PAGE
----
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When a distraction became activism

When the Taliban controlled Afghanistan from 1996 to 2001, they had imposed the wearing of the burqa, requirement of a male ‘guardian’ in public spheres, prohibition to work, interdiction to pursue higher education, risk of sexual violence, and forced marriages of young girls to the Taliban fighters

Ameesha Rayamajhi | Kathmandu |

 

After the Taliban takeover of Kabul, Nepal-based social media users have been relentlessly posting on social media in solidarity with the citizens of Afghanistan. Nepali feminists are particularly worried about the misogyny that could now unfold there. When the Taliban controlled Afghanistan from 1996 to 2001, they had imposed the wearing of the burqa, requirement of a male ‘guardian’ in public spheres, prohibition to work, interdiction to pursue higher education, risk of sexual violence, and forced marriages of young girls to the Taliban fighters. Today, the fall of Afghanistan has yet again threatened the very agency, autonomy, and personhood of the country’s women. While social media activists are initiating this conversation, many Nepalis have asked: Why should we care?
The momentum of any protest depends on the people’s ability to relate to the idea of justice. For people to sympathise, the injustice needs to be visible, even at the cost of making one uncomfortable. For instance, to expose the cruelty of factory farming, PETA, an American animal rights organisation, often uploads graphic videos of animal slaughter explaining how our food comes to our plate. Another familiar example of this is the video documenting George Floyd’s death in the USA, circulated globally on social media. While the #BlackLivesMatter movement existed before Floyd’s death, the incident stood out because it was filmed. The circulation of that video made us all virtual bystanders. The footage of Derek Chauvin, a white police officer, kneeling over the throat of an unarmed black man till he died triggered the black community to violently flood the streets, not just in the USA but worldwide.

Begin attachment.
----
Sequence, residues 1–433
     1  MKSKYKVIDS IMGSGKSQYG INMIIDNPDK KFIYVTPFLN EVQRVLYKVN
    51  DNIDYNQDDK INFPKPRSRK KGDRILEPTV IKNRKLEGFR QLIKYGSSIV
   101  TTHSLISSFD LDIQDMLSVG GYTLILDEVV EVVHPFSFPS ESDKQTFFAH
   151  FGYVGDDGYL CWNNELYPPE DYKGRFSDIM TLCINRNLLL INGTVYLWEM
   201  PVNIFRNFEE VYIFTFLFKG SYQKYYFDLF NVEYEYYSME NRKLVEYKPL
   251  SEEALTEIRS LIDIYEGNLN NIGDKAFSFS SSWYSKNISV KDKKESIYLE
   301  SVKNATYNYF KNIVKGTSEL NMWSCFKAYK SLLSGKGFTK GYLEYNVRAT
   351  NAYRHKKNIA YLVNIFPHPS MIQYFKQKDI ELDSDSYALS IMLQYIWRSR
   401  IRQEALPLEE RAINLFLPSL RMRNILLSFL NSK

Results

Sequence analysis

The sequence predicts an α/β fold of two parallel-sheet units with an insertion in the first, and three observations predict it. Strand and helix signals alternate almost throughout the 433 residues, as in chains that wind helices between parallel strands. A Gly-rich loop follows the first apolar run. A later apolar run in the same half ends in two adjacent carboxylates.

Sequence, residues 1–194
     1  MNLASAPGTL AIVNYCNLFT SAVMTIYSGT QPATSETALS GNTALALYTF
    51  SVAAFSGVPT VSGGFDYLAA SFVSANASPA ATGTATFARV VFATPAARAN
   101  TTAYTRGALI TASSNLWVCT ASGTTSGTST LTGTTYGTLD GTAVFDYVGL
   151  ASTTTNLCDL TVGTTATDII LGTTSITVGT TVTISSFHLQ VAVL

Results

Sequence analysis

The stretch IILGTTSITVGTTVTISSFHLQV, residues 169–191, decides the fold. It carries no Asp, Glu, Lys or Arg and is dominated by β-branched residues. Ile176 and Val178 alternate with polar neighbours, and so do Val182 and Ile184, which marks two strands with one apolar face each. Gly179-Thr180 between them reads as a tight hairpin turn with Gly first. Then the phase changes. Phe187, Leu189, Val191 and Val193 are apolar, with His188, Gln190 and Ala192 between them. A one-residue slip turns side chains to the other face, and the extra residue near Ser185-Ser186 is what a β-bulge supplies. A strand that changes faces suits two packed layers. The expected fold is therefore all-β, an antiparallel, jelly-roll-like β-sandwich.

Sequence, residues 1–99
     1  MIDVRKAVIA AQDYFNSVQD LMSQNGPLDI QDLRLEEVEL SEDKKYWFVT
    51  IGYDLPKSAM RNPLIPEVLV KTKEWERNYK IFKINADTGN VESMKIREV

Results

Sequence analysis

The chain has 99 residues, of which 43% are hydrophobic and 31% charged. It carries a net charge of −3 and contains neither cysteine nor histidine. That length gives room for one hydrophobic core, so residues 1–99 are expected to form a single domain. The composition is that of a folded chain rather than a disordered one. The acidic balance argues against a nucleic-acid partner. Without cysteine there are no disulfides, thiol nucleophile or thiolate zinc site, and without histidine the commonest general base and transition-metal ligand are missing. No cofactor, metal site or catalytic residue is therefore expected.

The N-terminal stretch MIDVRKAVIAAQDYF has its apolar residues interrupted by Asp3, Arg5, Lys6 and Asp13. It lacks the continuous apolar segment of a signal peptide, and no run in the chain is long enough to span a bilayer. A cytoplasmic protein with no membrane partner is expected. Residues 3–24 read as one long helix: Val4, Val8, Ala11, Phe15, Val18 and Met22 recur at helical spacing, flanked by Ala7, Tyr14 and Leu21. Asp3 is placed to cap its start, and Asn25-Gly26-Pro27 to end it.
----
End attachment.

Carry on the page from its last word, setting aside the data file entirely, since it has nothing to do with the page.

Even in Nepal, a conversation on discrimination against Madhesis emerged following the global protests. The hypocrisy of the people who callously mocked the accents of the Madhesis but put #BlackLivesMatter in their tweets got called out. Casteism, often paralleled as oriental racism, was brought to attention as a trickle-down effect. #DalitLivesMatter, with petitions, emerged substantially in Nepali social media. Today, Chauvin stands convicted with the charges of murder and manslaughter, and some credit goes to the social media users of Nepal who helped amplify the #BlackLivesMatter posts, increasing the gravity of the issue. A similar domino effect was also seen in the #MeToo movement, where multiple victims of Hollywood elites like Keven Spacey or Harvey Weinstein coming out with their stories of harassment triggered the global call-out culture by the victims on the internet.